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Milk and Phosphorus Chronic Kidney Disease (CKD) patients, and especially those on dialysis - referred to as End Stage Renal Disease (ESRD) - are told to limit the intake of milk and dairy products. The reason for this is the nutritional contents of milk. One cup of whole milk (8 oz.) contains about 10% of the recommended daily intake (RDI - I know, so many initials to remember), 22% of phosphorus, and 23% of saturated fat. That’s very high for a glass of milk. Especially because you will find phosphorus in nearly all of the foods we eat. So getting almost one quarter of your RDI in a small glass of milk could push you over the recommended limit. So why is this a problem? People with functioning kidneys can process out excess amounts of nutrients through urination. Have you ever heard the joke about certain vitamins and supplements? It just creates expensive urine. That’s right, if you ingest more nutrients that your body needs, you just pee it out. That’s not to say that there isn’t…
Making your own Pepper Sauce Click the photo to watch the video A very quick survey below. It is very important to get your feedback about the video, content, and the presenter of the video. This will help us make future videos. Click here to take the survey. Please. This project has been a pilot program so far and we hope to be able to continue producing these videos. By filling out this brief survey, you will be helping us and possible funders evaluate the interest in this type of program. Thank you so very much for your support.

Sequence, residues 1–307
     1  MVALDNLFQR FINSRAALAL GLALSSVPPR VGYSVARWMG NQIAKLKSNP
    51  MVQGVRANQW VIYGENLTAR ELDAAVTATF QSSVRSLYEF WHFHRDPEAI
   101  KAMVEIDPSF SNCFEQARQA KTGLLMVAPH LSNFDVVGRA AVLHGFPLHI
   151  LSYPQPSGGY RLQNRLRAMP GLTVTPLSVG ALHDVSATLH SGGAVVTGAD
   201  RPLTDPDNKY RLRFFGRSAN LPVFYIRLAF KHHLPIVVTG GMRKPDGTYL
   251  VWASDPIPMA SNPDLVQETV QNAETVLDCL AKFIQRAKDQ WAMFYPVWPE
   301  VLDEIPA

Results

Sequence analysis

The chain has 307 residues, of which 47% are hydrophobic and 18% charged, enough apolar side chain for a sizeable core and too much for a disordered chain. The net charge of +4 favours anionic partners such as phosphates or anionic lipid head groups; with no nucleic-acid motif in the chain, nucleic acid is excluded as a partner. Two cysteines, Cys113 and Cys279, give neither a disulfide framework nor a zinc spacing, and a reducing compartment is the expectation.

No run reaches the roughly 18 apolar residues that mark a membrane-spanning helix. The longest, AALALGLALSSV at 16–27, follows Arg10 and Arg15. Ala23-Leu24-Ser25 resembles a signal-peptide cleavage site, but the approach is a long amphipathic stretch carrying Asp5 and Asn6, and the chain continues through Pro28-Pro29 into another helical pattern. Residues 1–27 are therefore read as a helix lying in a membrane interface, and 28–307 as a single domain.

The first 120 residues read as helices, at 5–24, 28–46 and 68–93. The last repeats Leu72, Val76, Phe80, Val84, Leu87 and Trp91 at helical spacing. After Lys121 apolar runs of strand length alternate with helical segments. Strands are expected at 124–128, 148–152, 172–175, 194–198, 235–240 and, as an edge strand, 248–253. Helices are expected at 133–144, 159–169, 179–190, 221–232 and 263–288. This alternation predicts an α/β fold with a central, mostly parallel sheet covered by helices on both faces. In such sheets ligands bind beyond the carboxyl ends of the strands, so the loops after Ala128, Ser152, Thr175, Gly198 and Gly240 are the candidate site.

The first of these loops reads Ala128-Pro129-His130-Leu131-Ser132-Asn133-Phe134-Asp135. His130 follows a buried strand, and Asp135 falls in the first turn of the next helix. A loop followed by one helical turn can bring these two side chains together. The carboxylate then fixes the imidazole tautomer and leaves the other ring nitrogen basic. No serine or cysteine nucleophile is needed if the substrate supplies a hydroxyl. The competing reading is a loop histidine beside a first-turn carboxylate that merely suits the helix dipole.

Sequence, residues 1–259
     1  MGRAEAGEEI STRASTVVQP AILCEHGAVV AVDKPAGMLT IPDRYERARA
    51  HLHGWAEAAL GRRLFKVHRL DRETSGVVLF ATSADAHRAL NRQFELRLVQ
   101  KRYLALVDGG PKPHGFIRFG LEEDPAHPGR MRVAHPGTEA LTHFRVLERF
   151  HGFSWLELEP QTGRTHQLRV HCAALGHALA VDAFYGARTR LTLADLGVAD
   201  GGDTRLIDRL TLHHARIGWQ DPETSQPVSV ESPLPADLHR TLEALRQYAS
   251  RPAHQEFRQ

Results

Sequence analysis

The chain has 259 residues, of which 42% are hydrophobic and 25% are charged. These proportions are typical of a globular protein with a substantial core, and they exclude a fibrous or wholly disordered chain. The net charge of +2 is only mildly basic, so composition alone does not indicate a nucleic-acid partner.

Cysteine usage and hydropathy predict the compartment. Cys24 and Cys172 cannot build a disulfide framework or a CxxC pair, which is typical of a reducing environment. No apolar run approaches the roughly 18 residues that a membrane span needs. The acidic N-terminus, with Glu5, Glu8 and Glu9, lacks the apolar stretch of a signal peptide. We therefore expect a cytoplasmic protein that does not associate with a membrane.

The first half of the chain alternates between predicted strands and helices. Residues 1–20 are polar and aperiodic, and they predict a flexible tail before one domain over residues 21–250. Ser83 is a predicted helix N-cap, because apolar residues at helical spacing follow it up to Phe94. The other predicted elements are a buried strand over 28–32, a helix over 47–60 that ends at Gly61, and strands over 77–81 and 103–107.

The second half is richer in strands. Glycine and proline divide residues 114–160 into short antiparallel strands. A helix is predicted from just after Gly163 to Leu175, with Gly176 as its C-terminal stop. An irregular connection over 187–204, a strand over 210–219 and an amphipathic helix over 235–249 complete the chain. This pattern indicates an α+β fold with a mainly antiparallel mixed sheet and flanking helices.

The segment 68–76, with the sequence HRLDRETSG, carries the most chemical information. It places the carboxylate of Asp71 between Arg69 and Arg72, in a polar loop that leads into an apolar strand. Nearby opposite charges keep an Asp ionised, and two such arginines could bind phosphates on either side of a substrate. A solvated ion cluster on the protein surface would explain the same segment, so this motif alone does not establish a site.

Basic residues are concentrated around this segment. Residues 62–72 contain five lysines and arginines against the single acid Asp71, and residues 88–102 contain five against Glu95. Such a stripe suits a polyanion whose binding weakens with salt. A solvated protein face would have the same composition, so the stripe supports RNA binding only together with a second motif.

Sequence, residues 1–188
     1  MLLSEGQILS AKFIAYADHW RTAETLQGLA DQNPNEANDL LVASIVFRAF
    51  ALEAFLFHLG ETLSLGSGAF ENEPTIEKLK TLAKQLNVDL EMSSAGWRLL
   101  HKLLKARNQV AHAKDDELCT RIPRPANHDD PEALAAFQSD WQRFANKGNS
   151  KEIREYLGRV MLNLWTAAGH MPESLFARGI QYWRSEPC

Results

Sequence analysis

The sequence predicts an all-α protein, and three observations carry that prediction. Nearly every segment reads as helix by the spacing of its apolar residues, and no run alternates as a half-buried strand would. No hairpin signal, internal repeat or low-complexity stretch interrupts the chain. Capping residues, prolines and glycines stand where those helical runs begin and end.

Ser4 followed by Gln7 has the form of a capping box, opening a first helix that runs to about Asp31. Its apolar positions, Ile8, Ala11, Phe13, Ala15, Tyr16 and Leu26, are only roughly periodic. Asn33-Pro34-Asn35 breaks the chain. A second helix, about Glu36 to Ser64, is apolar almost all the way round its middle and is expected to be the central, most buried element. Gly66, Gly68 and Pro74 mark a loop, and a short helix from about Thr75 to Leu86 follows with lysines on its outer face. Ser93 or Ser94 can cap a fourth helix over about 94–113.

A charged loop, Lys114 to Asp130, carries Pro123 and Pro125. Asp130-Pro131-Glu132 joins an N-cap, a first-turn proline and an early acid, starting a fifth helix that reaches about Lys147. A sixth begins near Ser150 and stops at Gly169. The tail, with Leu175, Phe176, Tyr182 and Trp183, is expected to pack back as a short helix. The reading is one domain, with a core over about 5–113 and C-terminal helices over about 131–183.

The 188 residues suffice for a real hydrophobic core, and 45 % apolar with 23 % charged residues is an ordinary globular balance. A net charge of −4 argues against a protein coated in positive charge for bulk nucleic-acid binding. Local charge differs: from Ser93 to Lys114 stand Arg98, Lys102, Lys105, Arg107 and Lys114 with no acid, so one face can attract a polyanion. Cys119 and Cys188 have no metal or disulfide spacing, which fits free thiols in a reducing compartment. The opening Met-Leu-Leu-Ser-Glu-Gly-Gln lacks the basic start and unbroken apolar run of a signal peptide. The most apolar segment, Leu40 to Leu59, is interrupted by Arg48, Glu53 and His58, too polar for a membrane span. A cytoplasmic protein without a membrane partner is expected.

Barbecue Sauce - Make it at home Summer time means grilling, BBQ, and picnics. CKD patients can have a difficult time navigating all the wonders of the outdoor grilling season with all the dietary restrictions. There are dry rubs with high sodium levels; Wet sauces that are high is potassium, sugars, and sodium; High fat meats that have high phosphorus levels. All of these are on the “avoid or limit” list. This recipe accommodates many of the problem areas and can relieve some of the stress that occurs when trying to enjoy the outdoor cooking season. The use of tomato paste helps with the potassium levels; limited brown sugar reduces carbs and sugar levels; using minimal salt limits sodium; and using the chile paste listed above, greatly enhances the flavor without adding to the negative aspects of jarred BBQ sauce. If you choose to use a pre-made chili paste, I recommend adding 2 chipotle peppers for the smokey flavor, and find one with the least amount of sodium and sugar.